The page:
Late in 1904 Peiser advertizes for a cheap room to rent and in that context also indicates a desire to sell his photography equipment. Next in 1906 (below) he looks for a farm, still has his photo gear and still wants to sell it. And he is addressed in the Eitel Building at the northwest corner of Second and Pike. It is still there.
On the tenth of March, 1907 the Seattle Times reports on the photographer’s poor health.
Less than three weeks later The Times reports again on Peiser’s health, and this time his complaints as well. Peiser is living in the East Green Lake neighborhood at this time.
Later that year, 1907, or the next Theo. Peiser does make it back to California. Born in 1853, he dies in 1922 – 69 years and before antibiotics or asthma sprays. Finally (for us), Peiser and his studio are remembered in 1922 with The Seattle Times then popular – and probably first – series on local historical photography, called . . .
What follows first appeared in Pacific on January 24, 2004. In the first photo above – at the top of this day’s blog – part of the south facade of the Stetson Post Building facing Marion Street appears in the upper-left corner. That apartment house survived the 1889 fire and much else. Here, below, we see it still holding its place at the northeast corner of Second Ave. and Marion Street. (Historical photo courtesy of Lawton Gowey)
One century – plus a year or two – separates these views looking north on Second Avenue through its intersection with Marion Street.
MARION STREET REMINDERS
(First appeared in Pacific, January 2004)
Only one feature survives between this “then and now” and it has been truncated. On the right of the contemporary view five of the original seven floors of the Marion Building have been lopped away at the southeast corner of Marion Street and Second Avenue. But while humbled on top, at the sidewalk the building now boasts a stone façade with monumental pillars. Somewhat early in its now more than century-long life the first floor was altered for a bank, the long since merged and folded National City Bank.
The Webster and Stevens negative number for this (two pixs above) look north up Second Avenue is 665. That’s an early number for the studio that was the principal supplier of photographs for The Seattle Times during the first quarter of the 20th Century.
Besides the red brick gloss of Second Avenue, the illustrative intention of the photograph may be to contrast the two showy structures that look at one another from the north corners with Marion Street. On the right is the Victorian clapboard Stetson-Post Building with the central tower. It was built in 1883, curiously only six years before the ornate brick and stone Burke Building on the left was raised above the ashes of the city’s “Great Fire” of 1889.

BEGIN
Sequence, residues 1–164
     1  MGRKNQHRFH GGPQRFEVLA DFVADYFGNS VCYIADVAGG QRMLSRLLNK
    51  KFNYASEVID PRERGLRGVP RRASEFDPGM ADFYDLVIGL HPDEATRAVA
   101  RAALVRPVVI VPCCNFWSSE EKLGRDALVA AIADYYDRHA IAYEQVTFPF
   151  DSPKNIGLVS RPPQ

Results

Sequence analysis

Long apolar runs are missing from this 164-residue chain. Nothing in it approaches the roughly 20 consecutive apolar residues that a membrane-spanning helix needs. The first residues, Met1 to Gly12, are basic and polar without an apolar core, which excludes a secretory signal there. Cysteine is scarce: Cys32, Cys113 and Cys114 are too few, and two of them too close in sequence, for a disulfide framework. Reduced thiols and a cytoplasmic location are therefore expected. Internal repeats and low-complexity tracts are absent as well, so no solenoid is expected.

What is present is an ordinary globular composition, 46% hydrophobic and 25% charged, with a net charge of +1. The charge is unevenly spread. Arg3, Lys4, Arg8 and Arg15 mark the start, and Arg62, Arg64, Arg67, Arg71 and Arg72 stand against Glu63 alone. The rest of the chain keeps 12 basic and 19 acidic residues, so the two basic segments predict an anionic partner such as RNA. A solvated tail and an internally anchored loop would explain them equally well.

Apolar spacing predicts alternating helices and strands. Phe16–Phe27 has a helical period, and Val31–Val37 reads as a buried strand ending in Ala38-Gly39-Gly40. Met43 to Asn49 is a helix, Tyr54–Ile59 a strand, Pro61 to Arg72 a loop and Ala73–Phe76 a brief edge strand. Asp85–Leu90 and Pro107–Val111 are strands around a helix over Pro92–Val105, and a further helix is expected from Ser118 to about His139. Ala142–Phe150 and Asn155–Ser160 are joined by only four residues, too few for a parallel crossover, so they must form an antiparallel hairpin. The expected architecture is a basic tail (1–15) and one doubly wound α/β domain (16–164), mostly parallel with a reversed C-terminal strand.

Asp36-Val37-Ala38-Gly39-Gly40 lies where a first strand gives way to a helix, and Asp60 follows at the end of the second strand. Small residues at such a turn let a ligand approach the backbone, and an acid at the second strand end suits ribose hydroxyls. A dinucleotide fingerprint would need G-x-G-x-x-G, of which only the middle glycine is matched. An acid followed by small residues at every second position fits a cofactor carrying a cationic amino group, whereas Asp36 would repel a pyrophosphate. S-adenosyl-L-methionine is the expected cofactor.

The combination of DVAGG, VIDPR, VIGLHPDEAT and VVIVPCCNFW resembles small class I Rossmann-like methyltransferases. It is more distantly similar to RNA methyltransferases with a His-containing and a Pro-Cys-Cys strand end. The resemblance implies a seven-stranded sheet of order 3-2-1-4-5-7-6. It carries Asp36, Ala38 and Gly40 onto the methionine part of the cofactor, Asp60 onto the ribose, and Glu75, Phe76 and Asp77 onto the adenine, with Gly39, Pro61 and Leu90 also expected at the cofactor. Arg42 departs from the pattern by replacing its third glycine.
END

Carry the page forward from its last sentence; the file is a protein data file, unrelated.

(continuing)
When new, locals considered the Burke Block our best example of the latest design in business blocks. When old, the Burke Building was mourned by many as it was replaced in 1974 with the Henry M. Jackson Federal Office Building. In the 1880s Thomas Burke, its namesake, had been a resident in the Stetson Post Building that was saved from the fire by the generous width of Second Avenue and the vigorous reapplication of wet blankets to its steaming skin.
While it appears to be an antique, the Stetson-Post has only reached its mid-life here (Six photos up). On August 10, 1919 The Seattle Times noted its passing, describing it as “Second Avenue’s last pioneer landmark.” By then it was an outstanding anomaly on Seattle’s most modern street. Lined with skyscrapers like the Smith Tower (1914), the Hoge Building (1911) and the New Washington Hotel (1908) Second Avenue was our first “urban canyon.”
AYPE WELCOME ARCH, 2nd & MARION, 1909
(First appeared in Pacific, May 18, 1997)
Four days before the Alaska Yukon Pacific Exposition’s opening on June 1, 1909, on the University of Washington campus, locals were excited by a published sketch of a commemorative arch that Vancouver, B.C., planned to erect at Third and Marion. Seattle Mayor John Miller announced that he “regretted in view of Vancouver’s enterprise that Seattle had not seen fit to build an arch.”